This morning, Nitin asked Felicia to iron some of his shirts. She refused, saying we hadn’t told her that was a part of her responsibilities when we hired her.
Nitin told her to at least find somewhere to get it done. When he told me the story, I got a little peeved – at both of them, to be quite honest. On the one hand, it might be worth keeping Felicia happy since we have quite liked Felicia, her cooking and her general demeanor. On the other, Nitin's request didn't seem terribly unreasonable and we had often asked the same of our nanny in the States.
So when I got home from work and Christmas shopping, I asked Felicia what had happened. She said she feels like she doesn’t have time for such things and that ironing men’s shirts could take up most of her day. “Besides, the dry cleaners does it much better,” she said.
“That’s not the point,” I said in the mixture of Assamese, Hindi and Bengali that has become the secret language Felicia and I share. “You have more than four hours a day when Naya is at school and there are no chores. We have someone else do the floors. And yet another person cleans the toilets. Sometimes, not always, we might need you to iron.”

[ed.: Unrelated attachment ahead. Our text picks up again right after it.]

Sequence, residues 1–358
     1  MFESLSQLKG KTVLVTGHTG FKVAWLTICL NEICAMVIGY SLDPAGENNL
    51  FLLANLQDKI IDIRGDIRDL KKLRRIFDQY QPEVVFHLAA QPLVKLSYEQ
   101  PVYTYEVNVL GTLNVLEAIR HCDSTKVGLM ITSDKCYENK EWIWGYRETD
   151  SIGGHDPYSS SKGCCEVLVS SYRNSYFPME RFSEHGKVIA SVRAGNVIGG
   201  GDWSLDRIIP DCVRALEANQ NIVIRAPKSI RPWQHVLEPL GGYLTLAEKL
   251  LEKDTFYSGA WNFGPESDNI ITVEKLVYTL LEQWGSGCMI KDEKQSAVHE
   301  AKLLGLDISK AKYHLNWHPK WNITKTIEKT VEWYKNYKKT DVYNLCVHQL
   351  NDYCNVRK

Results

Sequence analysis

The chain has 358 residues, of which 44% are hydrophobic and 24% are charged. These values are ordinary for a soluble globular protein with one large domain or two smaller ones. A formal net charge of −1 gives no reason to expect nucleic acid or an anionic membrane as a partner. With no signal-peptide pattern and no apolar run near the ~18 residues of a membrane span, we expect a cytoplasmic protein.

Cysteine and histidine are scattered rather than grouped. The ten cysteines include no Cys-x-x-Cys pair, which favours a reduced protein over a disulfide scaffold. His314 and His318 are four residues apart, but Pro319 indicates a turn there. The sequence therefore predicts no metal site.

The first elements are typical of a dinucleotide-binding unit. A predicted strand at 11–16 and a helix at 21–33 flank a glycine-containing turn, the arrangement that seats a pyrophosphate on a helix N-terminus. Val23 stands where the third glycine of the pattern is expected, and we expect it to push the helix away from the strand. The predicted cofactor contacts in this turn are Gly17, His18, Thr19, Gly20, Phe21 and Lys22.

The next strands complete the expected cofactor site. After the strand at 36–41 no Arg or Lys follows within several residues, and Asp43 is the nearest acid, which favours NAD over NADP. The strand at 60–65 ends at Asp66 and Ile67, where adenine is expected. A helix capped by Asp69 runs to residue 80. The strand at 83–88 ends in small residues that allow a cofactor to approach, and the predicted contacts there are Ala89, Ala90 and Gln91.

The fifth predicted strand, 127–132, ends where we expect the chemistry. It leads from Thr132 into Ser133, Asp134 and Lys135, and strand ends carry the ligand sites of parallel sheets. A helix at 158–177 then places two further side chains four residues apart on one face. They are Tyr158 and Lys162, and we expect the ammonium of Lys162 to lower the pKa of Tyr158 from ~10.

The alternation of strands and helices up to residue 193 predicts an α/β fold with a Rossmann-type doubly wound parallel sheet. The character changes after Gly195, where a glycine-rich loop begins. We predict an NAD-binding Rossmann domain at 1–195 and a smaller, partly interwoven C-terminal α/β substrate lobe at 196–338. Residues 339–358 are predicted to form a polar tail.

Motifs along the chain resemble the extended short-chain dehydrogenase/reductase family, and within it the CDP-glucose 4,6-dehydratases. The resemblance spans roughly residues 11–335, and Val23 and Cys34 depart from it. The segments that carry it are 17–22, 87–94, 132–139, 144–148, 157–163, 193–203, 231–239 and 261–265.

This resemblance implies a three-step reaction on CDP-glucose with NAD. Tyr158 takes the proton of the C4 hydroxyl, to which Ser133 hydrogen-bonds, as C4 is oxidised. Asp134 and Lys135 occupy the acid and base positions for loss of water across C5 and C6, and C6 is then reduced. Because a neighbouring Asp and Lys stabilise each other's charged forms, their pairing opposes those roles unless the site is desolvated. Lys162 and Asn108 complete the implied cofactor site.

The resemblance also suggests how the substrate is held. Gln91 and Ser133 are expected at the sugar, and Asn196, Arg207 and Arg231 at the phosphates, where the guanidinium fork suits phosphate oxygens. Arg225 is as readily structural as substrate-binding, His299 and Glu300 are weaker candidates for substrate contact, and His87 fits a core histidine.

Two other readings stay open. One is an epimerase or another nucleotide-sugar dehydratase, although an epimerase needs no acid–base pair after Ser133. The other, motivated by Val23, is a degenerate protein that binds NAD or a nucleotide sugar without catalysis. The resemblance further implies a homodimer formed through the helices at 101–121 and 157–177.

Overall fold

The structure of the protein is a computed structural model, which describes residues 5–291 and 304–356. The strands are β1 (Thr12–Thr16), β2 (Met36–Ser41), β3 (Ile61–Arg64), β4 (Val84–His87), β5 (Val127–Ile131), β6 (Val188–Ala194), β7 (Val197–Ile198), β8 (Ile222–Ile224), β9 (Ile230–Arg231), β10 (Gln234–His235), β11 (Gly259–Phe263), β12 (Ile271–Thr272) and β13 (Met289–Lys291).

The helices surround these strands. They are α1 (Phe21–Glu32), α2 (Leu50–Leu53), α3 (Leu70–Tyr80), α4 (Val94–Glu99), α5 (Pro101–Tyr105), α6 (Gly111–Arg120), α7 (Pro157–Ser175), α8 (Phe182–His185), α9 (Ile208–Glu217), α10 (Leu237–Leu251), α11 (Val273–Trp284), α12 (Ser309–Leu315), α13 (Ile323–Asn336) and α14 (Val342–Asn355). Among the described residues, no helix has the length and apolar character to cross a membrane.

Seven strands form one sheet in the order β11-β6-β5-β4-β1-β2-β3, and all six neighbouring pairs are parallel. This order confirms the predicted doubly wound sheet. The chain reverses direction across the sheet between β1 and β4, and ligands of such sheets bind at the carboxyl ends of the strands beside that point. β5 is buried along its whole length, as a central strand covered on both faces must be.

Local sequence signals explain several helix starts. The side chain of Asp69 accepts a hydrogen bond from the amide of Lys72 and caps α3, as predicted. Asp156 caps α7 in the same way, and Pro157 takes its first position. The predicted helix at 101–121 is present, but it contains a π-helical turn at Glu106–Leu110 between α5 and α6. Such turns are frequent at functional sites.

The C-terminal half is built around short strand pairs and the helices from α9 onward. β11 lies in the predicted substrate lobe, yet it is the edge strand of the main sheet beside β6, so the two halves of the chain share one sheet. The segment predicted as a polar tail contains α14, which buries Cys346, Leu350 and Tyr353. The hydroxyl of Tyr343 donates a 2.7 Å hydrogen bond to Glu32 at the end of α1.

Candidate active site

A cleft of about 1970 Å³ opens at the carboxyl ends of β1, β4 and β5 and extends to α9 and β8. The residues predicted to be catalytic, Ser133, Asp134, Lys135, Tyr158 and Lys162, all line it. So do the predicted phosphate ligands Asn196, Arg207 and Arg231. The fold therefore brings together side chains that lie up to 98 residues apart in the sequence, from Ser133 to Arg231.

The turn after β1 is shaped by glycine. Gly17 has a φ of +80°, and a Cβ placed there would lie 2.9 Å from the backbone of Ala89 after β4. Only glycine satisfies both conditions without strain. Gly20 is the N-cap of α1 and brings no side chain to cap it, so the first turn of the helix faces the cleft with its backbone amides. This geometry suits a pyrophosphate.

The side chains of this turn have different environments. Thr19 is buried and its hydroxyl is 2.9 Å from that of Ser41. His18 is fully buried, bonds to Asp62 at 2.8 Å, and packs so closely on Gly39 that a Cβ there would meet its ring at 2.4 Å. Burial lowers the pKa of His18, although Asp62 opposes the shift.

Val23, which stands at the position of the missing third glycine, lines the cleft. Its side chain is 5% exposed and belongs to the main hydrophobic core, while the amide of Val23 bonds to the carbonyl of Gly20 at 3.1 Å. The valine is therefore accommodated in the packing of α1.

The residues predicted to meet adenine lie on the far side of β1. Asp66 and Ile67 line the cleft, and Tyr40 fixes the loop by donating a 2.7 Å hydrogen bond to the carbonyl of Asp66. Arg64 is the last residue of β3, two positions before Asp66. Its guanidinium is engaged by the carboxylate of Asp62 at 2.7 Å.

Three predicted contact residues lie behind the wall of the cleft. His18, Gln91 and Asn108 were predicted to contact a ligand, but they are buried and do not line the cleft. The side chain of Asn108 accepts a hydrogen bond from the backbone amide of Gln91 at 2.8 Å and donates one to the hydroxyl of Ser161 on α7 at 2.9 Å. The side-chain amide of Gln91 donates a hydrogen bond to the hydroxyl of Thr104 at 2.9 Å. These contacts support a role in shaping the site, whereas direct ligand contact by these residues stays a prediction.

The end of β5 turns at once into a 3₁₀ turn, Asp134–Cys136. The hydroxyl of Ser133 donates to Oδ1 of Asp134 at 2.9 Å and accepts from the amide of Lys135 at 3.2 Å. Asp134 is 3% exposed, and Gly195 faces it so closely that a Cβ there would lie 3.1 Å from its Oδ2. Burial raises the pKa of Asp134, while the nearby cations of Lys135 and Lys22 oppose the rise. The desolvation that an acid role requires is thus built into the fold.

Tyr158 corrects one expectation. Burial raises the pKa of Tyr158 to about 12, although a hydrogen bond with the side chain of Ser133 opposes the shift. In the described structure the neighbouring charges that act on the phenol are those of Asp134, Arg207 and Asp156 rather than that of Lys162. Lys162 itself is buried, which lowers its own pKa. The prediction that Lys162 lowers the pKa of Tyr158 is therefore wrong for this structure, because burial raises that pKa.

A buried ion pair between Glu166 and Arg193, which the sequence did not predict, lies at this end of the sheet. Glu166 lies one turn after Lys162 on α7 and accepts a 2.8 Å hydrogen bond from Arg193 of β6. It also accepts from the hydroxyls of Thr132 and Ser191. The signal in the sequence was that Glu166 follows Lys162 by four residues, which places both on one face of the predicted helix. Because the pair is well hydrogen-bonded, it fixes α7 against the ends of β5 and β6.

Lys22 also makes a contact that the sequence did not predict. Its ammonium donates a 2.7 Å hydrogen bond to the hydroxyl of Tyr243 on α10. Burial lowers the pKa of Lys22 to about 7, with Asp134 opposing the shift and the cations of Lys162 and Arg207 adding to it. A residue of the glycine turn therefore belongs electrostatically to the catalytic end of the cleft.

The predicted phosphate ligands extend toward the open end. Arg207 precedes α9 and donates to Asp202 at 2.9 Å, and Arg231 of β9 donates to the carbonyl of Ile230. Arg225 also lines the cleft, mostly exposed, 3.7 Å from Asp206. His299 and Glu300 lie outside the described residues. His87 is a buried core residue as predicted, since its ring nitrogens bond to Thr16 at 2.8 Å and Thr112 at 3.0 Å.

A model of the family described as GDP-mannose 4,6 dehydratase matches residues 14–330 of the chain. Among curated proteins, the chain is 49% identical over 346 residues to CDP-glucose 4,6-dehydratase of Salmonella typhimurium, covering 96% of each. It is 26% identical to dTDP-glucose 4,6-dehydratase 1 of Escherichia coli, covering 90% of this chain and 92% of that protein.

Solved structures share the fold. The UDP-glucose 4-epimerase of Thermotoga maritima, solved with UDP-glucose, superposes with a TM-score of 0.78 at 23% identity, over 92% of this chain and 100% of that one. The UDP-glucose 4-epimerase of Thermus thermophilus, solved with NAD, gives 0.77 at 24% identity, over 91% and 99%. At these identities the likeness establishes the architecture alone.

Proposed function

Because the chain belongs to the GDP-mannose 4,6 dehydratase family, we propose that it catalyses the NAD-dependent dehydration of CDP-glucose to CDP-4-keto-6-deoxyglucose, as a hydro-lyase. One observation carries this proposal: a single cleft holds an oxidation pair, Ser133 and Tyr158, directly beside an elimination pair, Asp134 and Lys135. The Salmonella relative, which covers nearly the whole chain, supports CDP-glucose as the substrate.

She looked visibly upset and I felt bad. Way before we landed in India, I had resolved not to bark at the maid, to respect the woman who would perform the household tasks I would not.
“Anyway, how much will they charge the place you found?”
“Two rupees for jeans, 1.5 for shirts, 5 for a sari,” she said. “It’s just down the road. And if I drop it off in the morning, they will deliver it back by afternoon.”
I felt terrible. On an average day, it would be less than a quarter to get our things ironed. And it would make this woman a lot happier. And my husband. And me. Home peace home.
“That’s fine,” I said. “Just make sure you drop it off when Nitin says so.”